Ever wonder how much daylight you can gain or lose just by getting in your car and driving either West or East?
Here’s how to figure it out. The Earth’s circumference is about 25,000 miles (40,000 km) at the equator. So if you start out at sunrise and drive 1,000 miles (1,600 km) Westward during the daylight hours, you’ll get almost an extra hour of daylight. On the other hand, if you go East, you’ll lose that much. 1,000 miles is pretty much the maximum you can go in about 12 hours, and that’s going pretty fast (about 80 mph, or 130 kph).
But there’s a trick to stealing extra daylight.
Get away from the equator. The higher (it’s my northern hemisphere bias; sorry, Aussies!) your latitude is right now, the better you’re going to do. There are two reasons:
- It’s summer in the northern hemisphere, so you start with more daylight hours. This gives you more time to travel, and the farther you go, the more daylight you can steal.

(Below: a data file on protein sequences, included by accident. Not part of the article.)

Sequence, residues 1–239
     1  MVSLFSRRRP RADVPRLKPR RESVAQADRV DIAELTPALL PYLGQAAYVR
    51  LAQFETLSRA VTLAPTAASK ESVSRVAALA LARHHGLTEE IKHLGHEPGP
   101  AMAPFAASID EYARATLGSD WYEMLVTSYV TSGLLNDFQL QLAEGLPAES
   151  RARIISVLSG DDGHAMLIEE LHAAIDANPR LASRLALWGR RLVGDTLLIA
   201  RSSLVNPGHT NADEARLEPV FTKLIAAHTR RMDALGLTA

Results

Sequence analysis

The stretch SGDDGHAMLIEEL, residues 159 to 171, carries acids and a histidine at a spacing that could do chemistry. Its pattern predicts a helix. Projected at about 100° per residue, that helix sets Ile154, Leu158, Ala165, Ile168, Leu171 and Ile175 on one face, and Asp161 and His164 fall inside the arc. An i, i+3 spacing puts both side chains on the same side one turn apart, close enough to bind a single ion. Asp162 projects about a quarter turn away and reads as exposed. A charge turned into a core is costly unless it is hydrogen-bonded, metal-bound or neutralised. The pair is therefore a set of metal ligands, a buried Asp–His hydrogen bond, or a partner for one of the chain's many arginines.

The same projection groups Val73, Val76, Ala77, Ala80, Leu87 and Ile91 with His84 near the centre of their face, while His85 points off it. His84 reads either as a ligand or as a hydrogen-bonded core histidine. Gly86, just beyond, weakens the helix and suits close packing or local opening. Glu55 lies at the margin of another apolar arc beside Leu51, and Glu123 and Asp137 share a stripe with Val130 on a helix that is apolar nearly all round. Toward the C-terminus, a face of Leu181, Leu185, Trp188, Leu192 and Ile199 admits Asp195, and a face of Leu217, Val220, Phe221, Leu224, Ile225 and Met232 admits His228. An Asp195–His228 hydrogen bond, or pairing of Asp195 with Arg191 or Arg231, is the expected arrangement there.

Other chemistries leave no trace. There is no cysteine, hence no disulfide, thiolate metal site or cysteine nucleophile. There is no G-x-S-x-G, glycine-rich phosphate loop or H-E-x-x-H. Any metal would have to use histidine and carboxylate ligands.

- (And this is the big reason.) The distance to go around the Earth is much shorter.
Seriously. In math-ese, the latitudinal circumference of the Earth is the equatorial circumference times the cosine of your latitude. In a more reasonable format, here’s a table for you:
|Latitude (°)||Circumference (mi)||Circumference (km)||Extra light per 1,000 mi|
|0°||25,000 mi||40,000 km||58 minutes|
|10°||24,600 mi||39,400 km||59 minutes|
|20°||23,500 mi||37,600 km||1 hour 1 minute|
|30°||21,700 mi||34,600 km||1 hour 6 minutes|
|40°||19,200 mi||30,600 km||1 hour 15 minutes|
|50°||16,100 mi||25,700 km||1 hour 29 minutes|
|60°||12,500 mi||20,000 km||1 hour 55 minutes|
|70°||8,600 mi||13,700 km||2 hours 47 minutes|
|80°||4,300 mi||6,900 km||5 hours 34 minutes|
I’m currently up at a latitude just north of 45° on a road trip, marveling at the fact that going East vs. going West gives me a difference of three hours of daylight. Imagine being up inside the Arctic Circle; it’s actually possible to outrun the Sunset!
And now you, too, can lengthen or shorten your days — at will — just by getting in your car.